Stumble on balance beam leads to surprising result in Olympic gymnastics finals

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RIO DE JANEIRO, BRAZIL - AUGUST 15:  Lauren Hernandez of the United States competes in the Balance Beam Final on day 10 of the Rio 2016 Olympic Games at Rio Olympic Arena on August 15, 2016 in Rio de Janeiro, Brazil.  (Photo by Lars Baron/Getty Images)

RIO DE JANEIRO, BRAZIL – AUGUST 15: Lauren Hernandez of the United States competes in the Balance Beam Final on day 10 of the Rio 2016 Olympic Games at Rio Olympic Arena on August 15, 2016 in Rio de Janeiro, Brazil. (Photo by Lars Baron/Getty Images)

RIO DE JANEIRO — Simone Biles’ run at Olympic history hit a roadblock on Monday when a mistake on balance beam kept the American gymnastics star from a record-tying fourth gold in Rio.

The 19-year-old was in the middle of her routine when she landed awkwardly while completing a front somersault. Her right foot slipped and she reached down with both hands to steady herself.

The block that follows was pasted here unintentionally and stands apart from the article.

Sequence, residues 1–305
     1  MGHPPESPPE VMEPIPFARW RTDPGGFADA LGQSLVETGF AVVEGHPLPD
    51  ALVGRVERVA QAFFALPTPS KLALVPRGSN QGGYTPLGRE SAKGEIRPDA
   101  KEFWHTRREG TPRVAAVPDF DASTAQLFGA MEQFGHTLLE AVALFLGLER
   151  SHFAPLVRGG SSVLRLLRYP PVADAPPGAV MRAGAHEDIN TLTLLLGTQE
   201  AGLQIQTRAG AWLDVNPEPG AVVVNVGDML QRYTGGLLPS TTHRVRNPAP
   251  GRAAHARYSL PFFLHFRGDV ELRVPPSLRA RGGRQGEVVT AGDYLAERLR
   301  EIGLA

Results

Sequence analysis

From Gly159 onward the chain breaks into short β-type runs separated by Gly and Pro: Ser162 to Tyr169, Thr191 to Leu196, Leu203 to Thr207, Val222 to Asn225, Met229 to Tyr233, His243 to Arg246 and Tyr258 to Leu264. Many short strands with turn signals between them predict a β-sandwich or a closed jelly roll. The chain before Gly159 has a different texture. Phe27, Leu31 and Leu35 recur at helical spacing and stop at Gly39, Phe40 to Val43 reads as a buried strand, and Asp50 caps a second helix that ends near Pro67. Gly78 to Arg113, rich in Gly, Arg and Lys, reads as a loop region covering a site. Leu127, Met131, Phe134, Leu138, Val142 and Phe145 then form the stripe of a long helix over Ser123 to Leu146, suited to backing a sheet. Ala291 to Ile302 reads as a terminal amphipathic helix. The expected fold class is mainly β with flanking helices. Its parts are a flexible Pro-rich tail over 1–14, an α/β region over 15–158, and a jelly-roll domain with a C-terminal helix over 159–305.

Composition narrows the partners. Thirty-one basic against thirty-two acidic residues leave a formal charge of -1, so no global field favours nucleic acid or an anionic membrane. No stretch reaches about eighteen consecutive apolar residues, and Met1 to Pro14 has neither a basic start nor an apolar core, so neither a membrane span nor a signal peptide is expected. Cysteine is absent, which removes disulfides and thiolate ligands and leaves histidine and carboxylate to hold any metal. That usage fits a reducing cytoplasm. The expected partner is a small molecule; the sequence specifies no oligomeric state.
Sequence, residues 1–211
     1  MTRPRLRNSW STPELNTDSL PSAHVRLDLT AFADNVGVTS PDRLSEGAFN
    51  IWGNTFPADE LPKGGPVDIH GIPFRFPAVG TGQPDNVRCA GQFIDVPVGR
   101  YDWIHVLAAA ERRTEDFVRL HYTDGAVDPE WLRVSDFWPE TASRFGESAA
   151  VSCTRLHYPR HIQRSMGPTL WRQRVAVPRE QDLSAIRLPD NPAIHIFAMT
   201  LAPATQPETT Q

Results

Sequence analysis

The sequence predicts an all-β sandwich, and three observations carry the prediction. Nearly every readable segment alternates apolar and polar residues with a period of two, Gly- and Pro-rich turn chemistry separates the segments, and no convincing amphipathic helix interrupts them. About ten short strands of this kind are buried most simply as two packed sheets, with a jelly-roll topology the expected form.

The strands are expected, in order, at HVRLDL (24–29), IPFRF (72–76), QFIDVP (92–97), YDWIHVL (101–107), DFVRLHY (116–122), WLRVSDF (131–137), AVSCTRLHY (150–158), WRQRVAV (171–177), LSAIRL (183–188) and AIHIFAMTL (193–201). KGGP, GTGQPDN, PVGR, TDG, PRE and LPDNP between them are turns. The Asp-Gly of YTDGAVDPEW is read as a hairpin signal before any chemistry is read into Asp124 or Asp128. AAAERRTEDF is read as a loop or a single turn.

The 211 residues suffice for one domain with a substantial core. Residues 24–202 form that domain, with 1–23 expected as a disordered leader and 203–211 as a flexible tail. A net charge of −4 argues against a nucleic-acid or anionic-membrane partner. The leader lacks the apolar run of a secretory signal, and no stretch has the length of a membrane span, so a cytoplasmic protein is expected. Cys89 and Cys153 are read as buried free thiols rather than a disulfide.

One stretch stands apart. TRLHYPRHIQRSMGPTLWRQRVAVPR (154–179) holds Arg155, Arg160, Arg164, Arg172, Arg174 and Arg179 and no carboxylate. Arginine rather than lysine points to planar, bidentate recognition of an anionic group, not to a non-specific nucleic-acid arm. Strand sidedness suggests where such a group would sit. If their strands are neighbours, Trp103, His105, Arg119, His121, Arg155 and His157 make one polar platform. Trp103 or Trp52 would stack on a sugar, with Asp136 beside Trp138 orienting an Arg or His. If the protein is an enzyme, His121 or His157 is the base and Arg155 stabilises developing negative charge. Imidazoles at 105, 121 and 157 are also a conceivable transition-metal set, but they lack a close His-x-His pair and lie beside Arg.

Biles already has three golds in Rio–in the team, all around and vault–but was attempting to become the first female gymnast to win five gold medals in a single Olympics. Her score of 14.733 was eclipsed by Sanne Wever of the Netherlands minutes later when she scored at 15.466 and got her first gold.

Bile’s Team USA teammate Laurie Hernandez earned the silver with a 15.333.

While most gymnasts wouldn’t medal if they had a misstep as bad as Biles’, her starting score of 16.7 is the highest of anyone, giving her a headstart and the ability to lose more points on her execution. Click here to understand gymnastics scoring.

Biles topped beam qualifying last week and had just completed the most difficult part of her routine — a tumbling pass that stretches the length of the 4-inch wide slab of wood — when she missed the landing following her punch front flip.

Biles will be in the mix for another gold on Tuesday in the floor exercise finals. Now that she can’t be the first to get five golds, she’s attempting to join Larisa Latynina, Vera Caslavska and Ecaterina Szabo as the only women to win four golds during an Olympic meet.